Jessica Aguilar says she feels overwhelmed at times.
When the pandemic hit, the 26-year-old Andover resident not only temporarily lost her job as a debt collector, but she also heard daily from her longtime partner, Omar Castro, about his fears that COVID-19 could spread in the jail where he was detained by immigration authorities.
And Aguilar worried that even if Castro stayed healthy, he might be deported after two offenses related to driving while impaired. She wondered if she and their 3-year-old daughter, Aviana Castro, would ever see him again.
Now, Aguilar might soon face the prospect that she also could be deported.
The U.S. Supreme Court will soon decide the fate of Aguilar and hundreds of thousands of people like her — the so-called Dreamers — who were brought to the U.S. without authorization as children and granted temporary legal protections under the Deferred Action for Childhood Arrivals (DACA) policy. Lower courts upheld the program after President Donald Trump ended it in 2017, but judges on the nation’s highest court appeared favorable to his administration’s appeal when hearing oral arguments in November.
If DACA goes away, “I would be left with nothing, really,” Aguilar said. “It would be back to zero. No identification, nothing to protect me, nothing to have a good job.”
Aguilar’s parents moved the family to the U.S. from Mexico without legal documentation in the mid-1990s, when she was just a few months old. She grew up in Andover feeling similar to her American friends but recognized by high school that her immigration status would limit her path to work or college.
As classmates excitedly planned their futures, Aguilar felt embarrassed and ashamed to disclose how her status might prevent her from following her dream to become a nurse. Teachers in a multicultural program urged her to fill out college financial aid applications, but she made excuses, not wanting to tell them that she didn’t have a Social Security number, which is required to apply.
At least she could confide in Castro, whom she began dating in high school. He had come to the U.S. under similar circumstances.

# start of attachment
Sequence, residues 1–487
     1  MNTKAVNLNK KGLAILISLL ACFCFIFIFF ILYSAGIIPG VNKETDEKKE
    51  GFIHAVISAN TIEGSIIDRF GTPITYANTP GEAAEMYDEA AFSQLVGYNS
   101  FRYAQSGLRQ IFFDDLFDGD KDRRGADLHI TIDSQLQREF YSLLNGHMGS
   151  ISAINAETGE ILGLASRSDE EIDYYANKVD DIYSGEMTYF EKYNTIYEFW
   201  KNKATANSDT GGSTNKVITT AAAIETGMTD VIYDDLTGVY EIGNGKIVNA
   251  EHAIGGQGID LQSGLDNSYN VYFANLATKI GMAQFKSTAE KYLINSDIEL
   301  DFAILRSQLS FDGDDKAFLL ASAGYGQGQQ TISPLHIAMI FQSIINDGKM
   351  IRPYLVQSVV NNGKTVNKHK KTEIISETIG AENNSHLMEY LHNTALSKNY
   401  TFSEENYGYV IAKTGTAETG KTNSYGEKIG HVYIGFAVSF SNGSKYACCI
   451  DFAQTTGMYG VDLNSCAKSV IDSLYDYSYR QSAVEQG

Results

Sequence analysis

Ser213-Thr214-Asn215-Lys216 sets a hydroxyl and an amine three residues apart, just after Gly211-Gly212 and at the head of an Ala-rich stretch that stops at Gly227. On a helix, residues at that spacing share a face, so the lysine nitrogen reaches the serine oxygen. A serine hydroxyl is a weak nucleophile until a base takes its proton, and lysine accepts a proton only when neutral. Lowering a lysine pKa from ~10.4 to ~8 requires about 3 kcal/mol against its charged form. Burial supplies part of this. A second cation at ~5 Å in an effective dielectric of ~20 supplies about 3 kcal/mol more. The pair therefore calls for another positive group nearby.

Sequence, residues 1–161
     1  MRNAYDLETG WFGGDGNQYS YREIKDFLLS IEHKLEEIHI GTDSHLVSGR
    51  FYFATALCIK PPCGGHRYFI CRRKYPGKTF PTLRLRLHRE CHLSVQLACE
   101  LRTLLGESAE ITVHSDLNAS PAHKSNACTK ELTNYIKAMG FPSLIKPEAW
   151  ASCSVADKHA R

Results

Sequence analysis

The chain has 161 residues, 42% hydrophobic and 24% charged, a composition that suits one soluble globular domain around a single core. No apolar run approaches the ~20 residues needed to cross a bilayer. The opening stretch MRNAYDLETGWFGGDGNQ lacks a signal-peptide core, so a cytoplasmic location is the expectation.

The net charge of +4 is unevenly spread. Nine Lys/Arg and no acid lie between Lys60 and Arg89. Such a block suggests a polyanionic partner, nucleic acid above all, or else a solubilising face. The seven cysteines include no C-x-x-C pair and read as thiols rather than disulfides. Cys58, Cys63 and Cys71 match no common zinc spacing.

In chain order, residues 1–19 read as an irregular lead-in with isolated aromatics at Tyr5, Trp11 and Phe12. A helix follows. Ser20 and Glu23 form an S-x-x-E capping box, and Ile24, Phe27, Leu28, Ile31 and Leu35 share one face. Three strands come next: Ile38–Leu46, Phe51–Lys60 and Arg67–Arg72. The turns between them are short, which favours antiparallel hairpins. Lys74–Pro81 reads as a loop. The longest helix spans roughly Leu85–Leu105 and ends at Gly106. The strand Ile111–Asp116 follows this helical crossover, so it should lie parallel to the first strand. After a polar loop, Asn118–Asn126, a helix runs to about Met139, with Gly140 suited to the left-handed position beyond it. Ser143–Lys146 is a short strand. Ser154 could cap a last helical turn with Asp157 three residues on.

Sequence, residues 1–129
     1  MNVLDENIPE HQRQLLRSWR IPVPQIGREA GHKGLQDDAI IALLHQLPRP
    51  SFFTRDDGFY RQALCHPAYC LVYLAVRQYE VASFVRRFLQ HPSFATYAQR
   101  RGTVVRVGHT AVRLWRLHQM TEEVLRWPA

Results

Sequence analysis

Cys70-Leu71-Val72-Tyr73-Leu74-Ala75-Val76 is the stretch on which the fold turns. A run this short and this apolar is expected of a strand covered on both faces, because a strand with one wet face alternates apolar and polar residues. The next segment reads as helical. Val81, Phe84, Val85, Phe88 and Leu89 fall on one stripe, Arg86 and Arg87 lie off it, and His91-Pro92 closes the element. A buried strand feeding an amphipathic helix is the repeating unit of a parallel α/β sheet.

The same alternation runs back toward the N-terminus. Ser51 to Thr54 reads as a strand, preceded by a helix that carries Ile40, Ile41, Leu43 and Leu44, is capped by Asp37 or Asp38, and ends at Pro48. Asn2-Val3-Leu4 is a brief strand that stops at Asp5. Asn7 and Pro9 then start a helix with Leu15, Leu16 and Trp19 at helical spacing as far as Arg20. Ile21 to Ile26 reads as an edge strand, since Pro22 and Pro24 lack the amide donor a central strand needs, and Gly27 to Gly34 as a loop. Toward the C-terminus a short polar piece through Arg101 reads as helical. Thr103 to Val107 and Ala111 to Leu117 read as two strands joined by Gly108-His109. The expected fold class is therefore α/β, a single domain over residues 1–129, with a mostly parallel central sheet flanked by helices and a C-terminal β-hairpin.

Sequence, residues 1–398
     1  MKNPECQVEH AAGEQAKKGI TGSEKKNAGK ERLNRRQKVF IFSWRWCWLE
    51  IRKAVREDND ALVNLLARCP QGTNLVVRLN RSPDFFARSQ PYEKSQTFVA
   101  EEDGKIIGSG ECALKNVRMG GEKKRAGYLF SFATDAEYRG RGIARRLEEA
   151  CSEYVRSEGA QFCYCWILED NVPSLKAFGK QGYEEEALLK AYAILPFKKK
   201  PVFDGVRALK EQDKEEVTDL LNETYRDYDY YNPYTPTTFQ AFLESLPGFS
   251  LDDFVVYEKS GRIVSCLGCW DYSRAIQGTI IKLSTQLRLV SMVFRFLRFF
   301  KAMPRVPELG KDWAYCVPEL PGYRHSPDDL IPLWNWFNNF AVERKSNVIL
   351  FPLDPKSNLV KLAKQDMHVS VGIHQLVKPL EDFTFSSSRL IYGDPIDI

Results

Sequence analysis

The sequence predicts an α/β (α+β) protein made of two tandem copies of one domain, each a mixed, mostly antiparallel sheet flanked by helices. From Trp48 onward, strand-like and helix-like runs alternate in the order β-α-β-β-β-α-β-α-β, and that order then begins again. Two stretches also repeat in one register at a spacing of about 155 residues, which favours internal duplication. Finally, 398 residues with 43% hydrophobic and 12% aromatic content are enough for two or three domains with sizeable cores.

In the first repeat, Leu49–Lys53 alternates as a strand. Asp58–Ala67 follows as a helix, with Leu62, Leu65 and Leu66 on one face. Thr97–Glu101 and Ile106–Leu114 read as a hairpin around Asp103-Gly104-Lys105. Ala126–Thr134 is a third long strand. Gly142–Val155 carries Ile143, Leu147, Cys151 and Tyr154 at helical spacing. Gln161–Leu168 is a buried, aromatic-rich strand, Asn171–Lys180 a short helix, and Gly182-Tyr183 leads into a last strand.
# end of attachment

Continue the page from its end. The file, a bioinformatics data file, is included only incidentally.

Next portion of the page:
Former President Barack Obama announced the DACA policy in 2012, effectively deferring deportation proceedings and granting work permits to immigrants who were brought into the country before they turned 16 if they had no criminal history.
Aguilar and Castro were approved for the program, clearing the way for Aguilar to take a job at a credit union while Castro worked as a roofer.
“Having DACA did open up the doors. … I started to feel almost more normal, more free,” said Aguilar. “Not in a shadow.”
And they had Aviana, who is a U.S. citizen. But Aguilar’s optimism dimmed after Trump ended the program five years after it began and called on Congress to pass comprehensive immigration reform.
“It was really scary, honestly,” said Aguilar. “I had to think about what’s going to happen to us. Are we going to be deported? ... I don’t want my child to grow up in a country where I’ve never been.”
That was also around the time that Castro pleaded guilty to driving while impaired in 2017, which automatically canceled his DACA protection, and authorities initiated deportation proceedings against him.
Aguilar recalls that was a rocky time for the couple. She said she told Castro not to drink and drive again. But while he was out on bond, he was arrested again in November to another DWI-related offense.
Castro testified that it wouldn’t be safe for him or his family to return to Mexico; other relatives had been kidnapped there. Aguilar testified that she and her daughter depended on Castro for emotional and financial support. But U.S. Immigration Judge M. Audrey Carr denied Castro’s application for cancellation of removal in early March, and he’s now appealing to the Board of Immigration Appeals.
As jails around the country became hot spots for COVID-19, Castro and 61 other ICE detainees at the Sherburne County jail unsuccessfully filed a legal challenge asking to be released, citing health concerns. U.S. District Judge Nancy Brasel ruled May 14 that ICE could keep the plaintiffs detained during the pandemic.
“It’s like a ticking bomb in here,” Castro said in an interview from the jail. “It’s ready to explode, and that’s what we’re scared of. I don’t want to be that guy in the news that ends up dying, and [an inmate dying] is the only way that they’re going to be able to release people in here.”
Aguilar’s DACA status put her in a more favorable position than many immigrants who lack legal authorization to be in the country: She qualified for a federal stimulus check and unemployment benefits. And now, she’s returning to her job.
But life remains stressful with Castro’s losses in court and now the looming Supreme Court decision on the DACA policy.
“I didn’t have a choice” to enter the United States, Aguilar said. “Omar didn’t have a choice. [Our parents] brought us here for a reason. They brought us here for a better living. He made his mistakes, but unfortunately when we make our mistakes,” she said, “we have to pay for it at a higher price.”